By Chris Warren.
In the next month or two, high school and college seniors will be graduating and moving forward with their lives. The well intended commencement speeches typically include a list of pithy if not outright condescending advice for the graduates. It’s not too late for those who have been asked to give these speeches to carefully edit themselves and avoid patronizing clichés. The list could go on for pages and pages, but here are a few of the “greatest hits” to be avoided for all time:
Do what you love and the money will follow. This is at the top of my list as the biggest heap o’graduation shit that has ever been spoken. Any activity you are passionate about but can’t support yourself with is called a hobby. There is no cosmic law that states anyone can make money doing anything if only they love doing it enough. Since life is not a one way street, those who insist on believing this ridiculous idealism must also accept with it the equally foolish converse argument: One cannot earn a living doing something they hate. I’m going to settle this nonsense with some easily quantifiable earthly reality: There are tens of millions more people toiling away at barely tolerable but reasonably well paying occupations than there are making a decent buck at their dream job. Acceptable alternative advice: If you love something that much, the money (or lack of it) won’t matter.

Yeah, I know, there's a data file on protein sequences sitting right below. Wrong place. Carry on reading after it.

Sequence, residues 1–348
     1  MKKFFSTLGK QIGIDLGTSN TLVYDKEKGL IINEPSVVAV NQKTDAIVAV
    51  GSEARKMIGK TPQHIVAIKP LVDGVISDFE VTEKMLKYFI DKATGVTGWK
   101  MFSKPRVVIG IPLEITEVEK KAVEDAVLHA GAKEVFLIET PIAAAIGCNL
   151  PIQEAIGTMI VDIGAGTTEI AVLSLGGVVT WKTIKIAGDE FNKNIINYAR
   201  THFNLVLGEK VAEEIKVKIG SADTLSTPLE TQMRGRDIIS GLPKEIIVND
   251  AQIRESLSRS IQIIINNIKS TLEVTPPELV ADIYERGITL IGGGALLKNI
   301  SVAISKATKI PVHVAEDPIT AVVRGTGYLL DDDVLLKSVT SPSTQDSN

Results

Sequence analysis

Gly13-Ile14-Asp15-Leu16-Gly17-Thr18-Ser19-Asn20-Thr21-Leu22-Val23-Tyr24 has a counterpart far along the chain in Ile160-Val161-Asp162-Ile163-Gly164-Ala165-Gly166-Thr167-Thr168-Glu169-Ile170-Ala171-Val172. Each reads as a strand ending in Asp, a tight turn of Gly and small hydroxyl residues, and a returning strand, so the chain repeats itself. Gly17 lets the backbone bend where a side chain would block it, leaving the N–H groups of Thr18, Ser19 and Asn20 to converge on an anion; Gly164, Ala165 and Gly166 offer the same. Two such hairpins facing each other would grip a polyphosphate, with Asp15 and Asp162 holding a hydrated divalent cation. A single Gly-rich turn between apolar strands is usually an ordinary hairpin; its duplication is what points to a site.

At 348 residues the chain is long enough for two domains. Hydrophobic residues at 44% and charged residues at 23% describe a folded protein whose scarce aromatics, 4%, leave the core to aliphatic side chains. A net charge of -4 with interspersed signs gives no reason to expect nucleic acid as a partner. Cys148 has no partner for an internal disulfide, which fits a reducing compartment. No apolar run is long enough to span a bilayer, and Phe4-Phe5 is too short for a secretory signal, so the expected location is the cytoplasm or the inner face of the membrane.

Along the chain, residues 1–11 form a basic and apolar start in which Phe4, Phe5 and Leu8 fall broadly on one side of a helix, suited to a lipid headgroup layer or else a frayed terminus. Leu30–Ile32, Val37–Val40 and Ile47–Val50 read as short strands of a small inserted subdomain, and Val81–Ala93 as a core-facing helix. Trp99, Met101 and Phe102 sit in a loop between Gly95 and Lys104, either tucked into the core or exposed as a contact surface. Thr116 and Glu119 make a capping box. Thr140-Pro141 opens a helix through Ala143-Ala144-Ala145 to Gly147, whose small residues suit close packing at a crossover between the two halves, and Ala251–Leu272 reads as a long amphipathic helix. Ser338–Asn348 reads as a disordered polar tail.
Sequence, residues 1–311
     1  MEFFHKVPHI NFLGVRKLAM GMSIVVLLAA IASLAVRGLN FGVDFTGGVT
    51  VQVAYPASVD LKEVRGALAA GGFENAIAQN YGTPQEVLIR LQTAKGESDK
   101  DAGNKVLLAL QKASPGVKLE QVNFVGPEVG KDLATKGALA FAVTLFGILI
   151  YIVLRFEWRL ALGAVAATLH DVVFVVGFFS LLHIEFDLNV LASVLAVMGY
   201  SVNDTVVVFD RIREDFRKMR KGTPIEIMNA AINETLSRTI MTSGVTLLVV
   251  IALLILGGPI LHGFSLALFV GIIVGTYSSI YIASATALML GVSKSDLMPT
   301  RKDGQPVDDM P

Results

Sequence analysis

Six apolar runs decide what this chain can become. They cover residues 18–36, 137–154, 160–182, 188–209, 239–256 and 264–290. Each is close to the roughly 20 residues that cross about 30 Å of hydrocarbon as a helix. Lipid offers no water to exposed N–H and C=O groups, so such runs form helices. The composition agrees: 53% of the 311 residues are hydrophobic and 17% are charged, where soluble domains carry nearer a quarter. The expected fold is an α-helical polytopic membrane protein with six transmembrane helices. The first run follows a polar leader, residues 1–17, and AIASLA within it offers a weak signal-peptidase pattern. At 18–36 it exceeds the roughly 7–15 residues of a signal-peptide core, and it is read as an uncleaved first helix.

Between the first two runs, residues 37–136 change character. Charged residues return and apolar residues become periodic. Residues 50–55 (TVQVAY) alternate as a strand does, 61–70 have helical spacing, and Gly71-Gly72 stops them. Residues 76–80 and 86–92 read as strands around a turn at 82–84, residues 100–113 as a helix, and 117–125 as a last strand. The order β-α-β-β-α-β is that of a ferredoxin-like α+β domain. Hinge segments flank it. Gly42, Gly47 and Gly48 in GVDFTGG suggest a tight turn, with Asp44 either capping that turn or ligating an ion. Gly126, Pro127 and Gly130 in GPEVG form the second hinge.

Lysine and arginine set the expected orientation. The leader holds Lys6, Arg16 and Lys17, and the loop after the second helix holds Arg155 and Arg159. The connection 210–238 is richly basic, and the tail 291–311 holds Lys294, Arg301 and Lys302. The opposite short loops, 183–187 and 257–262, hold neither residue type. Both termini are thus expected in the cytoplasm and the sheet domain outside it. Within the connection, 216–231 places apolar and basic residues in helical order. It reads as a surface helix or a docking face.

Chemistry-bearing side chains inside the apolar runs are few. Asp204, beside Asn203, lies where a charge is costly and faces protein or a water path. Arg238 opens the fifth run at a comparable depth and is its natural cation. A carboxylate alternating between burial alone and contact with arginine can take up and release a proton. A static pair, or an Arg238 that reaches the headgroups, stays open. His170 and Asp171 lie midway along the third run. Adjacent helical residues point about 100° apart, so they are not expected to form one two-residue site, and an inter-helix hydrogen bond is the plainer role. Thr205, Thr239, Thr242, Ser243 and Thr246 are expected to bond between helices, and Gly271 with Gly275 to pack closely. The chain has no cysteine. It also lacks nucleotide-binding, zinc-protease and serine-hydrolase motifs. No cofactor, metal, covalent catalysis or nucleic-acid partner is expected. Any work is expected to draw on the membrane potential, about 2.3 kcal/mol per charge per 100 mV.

Be yourself. I don’t get this one. How can you not “be yourself?” Taken to its ultimate conclusion, this lame pop psychology narcissism is just another excuse for every individual to think the world must form around them. But the world is full of uncomfortable circumstances where you might have to be polite when you don’t mean it, be supportive when inside you don’t agree, or be cooperative with people you think are incompetent. Those who are dishonest or fake about who they are are being themselves. Cheerfully going along with something you don’t like for diplomatic reasons or to attain a legitimate goal is not the same as willfully involving oneself in objectionable, immoral, or illegal activities. Acceptable alternative advice: Acting is an important life skill; learn to adapt your outward behavior to any situation even if it means being insincere.
Think outside the box. This tiresome business buzzword has leaked into academia and is the only point on the list that sort-of comes close to being useful wisdom. Unfortunately, it has evolved into a catch all vindication for dumb ideas and dead end personal goals. Thinking outside the box works best for older people who have learned from prior successes and failures and have enough restraint to know how far they can go. Less discerning young people are inclined to be different just for the sake of being different with no clear end game other than to clash with tradition. The “box” existed as long as it has for a reason. Some things just plain work and do not need to be challenged. Acceptable alternative advice: Thinking outside the box is fine, but only if the method used is better than what is already in the box.
By time young people reach graduation, they have spent many years exposed to a wide range of viewpoints from the internet and are far more adept at spotting a recycled idea than us older types were at their age. They are too smart to fall for dusted off hollow maxims that are accurate to a limited degree but have no mass appeal to today’s graduates and do not work for 99% of the people who try them. The opportunity to effect the lives of young people is very fleeting; commencement speakers should not waste the few minutes they have spreading unrelatable one-liners that at best are poorly chosen, and at worst full blown lies.